Analysis: Reality tempers spending recommendations

JEFFERSON CITY, Mo. (AP) — The Great Recession that has plunged states into a great financial funk has made realists out of the typically idealistic committees that recommend ways of improving government and ensuring a bright future for society.

Consider two such reports released in recent weeks.

The Missouri Citizens’ Commission on Compensation for Elected Officials said all elected officials deserve a raise. But it recommended giving no raise to state lawmakers and executives because of political and budgetary realities. And it said judges should wait a couple more years to get the raise it recommended.

On Friday, the Missouri Senate’s Educated Citizenry 2020 Committee produced a report setting forth some ambitious goals to improve the quality of public education offered to Missouri residents. But the committee chairman acknowledged there probably is no money to carry out some of the initiatives — at least not in the next few years.

Pay raises, new programs and expanded government services all have become a rarity in recent years — replaced by layoffs and spending cuts as state officials have patched together budgets with federal economic stimulus funds and falling state sales and income taxes collections.

That federal stimulus money is about to run out. And tax revenues, through finally showing signs of growth, remain far below the levels of just a few years ago. Gov. Jay Nixon’s administration is projecting a $500 million to $700 million shortfall for the fiscal year that begins July 1 — a gap equal to almost 10 percent of the state’s general revenues.

In that context, the state salary commission convened a series of hastily-called and little-publicized meetings this fall to gather public testimony on potential pay raises for legislative, executive and judicial branch employees. The commission is required by law to make recommendations every two years. Unless rejected by a two-thirds vote of the Legislature by Feb. 1, the recommended salary increases automatically take effect with the next budget.

Lawmakers allowed the recommended pay raises to take effect in 2006. They rejected them two years ago, noting it was an inopportune time economically to provide a pay raise for themselves. But some senators bemoaned the fact that it was an all-or-nothing package, prohibiting them from approving judicial pay raises while denying raises for lawmakers and the governor.

Judges for several years now have complained that their salaries — while well above Missouri’s median income — are low compared with what they could earn as private-sector attorneys. They said it is getting difficult to attract and keep good judges on the bench.

So this year, the salary commission is hoping to make its recommendations more politically palatable by suggesting that no one gets pay raises during the 2012 fiscal year and that only judges receive pay hikes in 2013. The plan would set the salaries of Missouri Supreme Court judges at 69 percent of the salaries for their counterparts on the U.S. Supreme Court. Other Missouri judges would get salaries equal to 73 percent of the pay scale for their federal equivalents.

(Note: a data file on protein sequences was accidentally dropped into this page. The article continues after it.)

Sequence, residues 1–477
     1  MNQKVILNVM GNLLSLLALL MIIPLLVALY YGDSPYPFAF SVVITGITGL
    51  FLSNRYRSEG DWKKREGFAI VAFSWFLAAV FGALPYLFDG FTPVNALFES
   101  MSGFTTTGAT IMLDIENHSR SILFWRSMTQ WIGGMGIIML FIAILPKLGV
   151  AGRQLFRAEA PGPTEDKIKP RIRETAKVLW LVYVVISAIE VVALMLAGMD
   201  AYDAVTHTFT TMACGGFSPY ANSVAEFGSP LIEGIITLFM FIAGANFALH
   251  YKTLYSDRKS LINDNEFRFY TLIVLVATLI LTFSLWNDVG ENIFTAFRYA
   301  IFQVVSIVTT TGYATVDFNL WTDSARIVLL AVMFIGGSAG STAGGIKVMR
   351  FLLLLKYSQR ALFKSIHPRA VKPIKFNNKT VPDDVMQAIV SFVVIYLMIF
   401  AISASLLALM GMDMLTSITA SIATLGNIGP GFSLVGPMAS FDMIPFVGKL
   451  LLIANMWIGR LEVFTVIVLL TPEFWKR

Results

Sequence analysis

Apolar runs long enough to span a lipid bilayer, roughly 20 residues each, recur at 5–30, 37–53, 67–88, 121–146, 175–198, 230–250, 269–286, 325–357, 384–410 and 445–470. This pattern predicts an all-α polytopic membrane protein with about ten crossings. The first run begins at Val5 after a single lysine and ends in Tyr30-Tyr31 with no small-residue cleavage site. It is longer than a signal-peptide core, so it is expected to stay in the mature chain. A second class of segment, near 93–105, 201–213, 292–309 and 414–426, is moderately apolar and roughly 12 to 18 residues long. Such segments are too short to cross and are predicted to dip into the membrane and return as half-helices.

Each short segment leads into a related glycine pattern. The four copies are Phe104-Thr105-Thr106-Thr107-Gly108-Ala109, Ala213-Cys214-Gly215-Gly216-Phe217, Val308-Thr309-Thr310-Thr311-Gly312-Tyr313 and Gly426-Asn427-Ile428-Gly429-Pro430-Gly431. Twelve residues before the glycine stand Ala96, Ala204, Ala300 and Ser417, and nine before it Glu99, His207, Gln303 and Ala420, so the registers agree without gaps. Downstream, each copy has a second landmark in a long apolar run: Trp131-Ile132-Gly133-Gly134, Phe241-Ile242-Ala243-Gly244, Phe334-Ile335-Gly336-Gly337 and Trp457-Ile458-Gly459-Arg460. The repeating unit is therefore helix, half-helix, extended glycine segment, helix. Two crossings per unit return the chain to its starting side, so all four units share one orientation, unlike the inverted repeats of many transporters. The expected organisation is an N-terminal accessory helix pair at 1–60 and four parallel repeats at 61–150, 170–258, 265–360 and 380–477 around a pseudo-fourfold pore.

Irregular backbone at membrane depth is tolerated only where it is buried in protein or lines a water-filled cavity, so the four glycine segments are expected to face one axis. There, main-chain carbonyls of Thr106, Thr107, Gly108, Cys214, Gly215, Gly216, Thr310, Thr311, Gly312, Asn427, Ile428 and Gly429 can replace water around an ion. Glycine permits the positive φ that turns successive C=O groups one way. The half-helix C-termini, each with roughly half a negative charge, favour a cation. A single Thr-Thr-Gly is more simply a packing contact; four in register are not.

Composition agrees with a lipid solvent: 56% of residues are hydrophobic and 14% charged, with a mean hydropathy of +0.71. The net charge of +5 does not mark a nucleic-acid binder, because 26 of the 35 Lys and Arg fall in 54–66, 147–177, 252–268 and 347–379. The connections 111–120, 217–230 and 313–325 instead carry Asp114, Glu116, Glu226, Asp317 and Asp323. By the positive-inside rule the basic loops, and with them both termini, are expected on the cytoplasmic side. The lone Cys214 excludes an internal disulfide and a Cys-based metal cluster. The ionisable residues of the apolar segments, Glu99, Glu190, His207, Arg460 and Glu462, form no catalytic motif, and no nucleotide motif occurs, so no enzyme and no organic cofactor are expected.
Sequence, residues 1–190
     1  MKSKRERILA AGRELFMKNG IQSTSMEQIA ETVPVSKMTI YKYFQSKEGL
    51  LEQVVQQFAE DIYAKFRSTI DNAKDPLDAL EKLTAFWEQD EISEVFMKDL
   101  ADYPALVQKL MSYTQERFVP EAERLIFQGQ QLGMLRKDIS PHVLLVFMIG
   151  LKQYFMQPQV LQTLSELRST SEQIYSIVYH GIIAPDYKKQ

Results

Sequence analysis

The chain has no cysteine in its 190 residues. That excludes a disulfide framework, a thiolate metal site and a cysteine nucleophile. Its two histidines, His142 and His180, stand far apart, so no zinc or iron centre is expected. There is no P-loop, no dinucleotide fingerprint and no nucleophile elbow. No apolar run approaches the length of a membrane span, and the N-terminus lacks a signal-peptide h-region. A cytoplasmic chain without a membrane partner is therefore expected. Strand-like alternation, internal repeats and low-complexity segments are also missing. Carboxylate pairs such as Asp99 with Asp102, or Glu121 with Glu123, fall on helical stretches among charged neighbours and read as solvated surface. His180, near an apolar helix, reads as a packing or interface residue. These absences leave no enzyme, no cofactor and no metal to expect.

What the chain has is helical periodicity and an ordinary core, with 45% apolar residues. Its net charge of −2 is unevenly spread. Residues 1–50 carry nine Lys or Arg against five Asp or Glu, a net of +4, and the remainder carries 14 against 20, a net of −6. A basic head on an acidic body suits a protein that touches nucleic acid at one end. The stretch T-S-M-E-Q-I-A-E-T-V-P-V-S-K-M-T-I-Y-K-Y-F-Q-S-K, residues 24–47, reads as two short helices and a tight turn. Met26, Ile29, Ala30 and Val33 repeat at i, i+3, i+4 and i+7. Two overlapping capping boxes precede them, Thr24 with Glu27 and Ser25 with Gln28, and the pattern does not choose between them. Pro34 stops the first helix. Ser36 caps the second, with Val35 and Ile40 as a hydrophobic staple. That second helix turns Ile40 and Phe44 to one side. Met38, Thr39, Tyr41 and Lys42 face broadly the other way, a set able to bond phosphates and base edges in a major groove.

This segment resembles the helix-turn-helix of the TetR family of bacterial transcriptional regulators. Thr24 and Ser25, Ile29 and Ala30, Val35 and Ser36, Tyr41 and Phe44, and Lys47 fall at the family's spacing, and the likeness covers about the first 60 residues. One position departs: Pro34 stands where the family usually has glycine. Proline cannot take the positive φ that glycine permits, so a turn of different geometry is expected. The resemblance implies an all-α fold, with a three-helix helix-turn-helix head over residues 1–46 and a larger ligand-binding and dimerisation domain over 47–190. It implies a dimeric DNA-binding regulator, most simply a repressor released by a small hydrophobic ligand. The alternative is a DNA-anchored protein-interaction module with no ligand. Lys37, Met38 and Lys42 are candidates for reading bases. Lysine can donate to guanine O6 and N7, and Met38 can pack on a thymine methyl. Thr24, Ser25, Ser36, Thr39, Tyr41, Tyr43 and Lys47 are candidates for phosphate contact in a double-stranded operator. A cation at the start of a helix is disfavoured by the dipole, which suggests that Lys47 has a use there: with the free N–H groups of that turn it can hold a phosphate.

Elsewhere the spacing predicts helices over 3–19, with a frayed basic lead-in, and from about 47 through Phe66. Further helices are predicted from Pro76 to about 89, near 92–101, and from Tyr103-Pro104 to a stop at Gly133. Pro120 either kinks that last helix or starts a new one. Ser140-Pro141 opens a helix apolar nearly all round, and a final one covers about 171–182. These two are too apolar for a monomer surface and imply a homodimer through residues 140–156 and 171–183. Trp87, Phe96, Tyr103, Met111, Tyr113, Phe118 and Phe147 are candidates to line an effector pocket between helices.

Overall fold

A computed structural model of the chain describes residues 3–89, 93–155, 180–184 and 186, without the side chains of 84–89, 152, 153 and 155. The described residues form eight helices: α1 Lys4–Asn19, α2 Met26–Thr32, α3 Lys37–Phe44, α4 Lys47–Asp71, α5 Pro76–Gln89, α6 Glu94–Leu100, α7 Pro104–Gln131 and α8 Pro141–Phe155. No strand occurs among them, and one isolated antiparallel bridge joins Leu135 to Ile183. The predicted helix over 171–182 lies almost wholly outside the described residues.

The commission’s report does not project a total cost. But Nixon’s budget director, Linda Luebbering, estimated that the recommended pay raise and associated fringe benefits could cost Missouri $5.3 million.

Can the state afford that?

“I’m not going to start speculating on 2013 yet. In 2012? No,“ Luebbering said.

The report by the Senate’s Educated Citizenry panel also includes several recommendations that could carry a price tag, though none is specifically listed.

As a general goal, it says a strong preschool program should ensure that all kindergartners enter school with the skills to be successful; that 75 percent of students in every school district meet proficiency marks on the state’s standardized achievement tests; and that 60 percent of all adults attain college degrees.

To boost kindergarten readiness, the report notes that Missouri must support voluntary, public preschool programs available to all and “explore potential funding sources.”

To boost student achievement in public schools, the state should “promote continuous learning opportunities for students” through summer school programs and longer school days or years, the report said. Again, the state would need to “create funding options to support these initiatives.” Increasing college graduation rates also may require “a revised funding structure” that emphasizes performance measures.

The report also recommends rewarding high-quality teachers with extra pay.

How would the state get money for all that?

“That’s a real challenge of this committee,” said the chairman, Sen. David Pearce, R-Warrensburg. “I’m hoping that by 2014 or 2015, things will have improved in our state on state revenues.”

Pearce added: “This is a long-range plan.”


EDITOR’S NOTE — David A. Lieb has covered state government and politics for The Associated Press since 1995.

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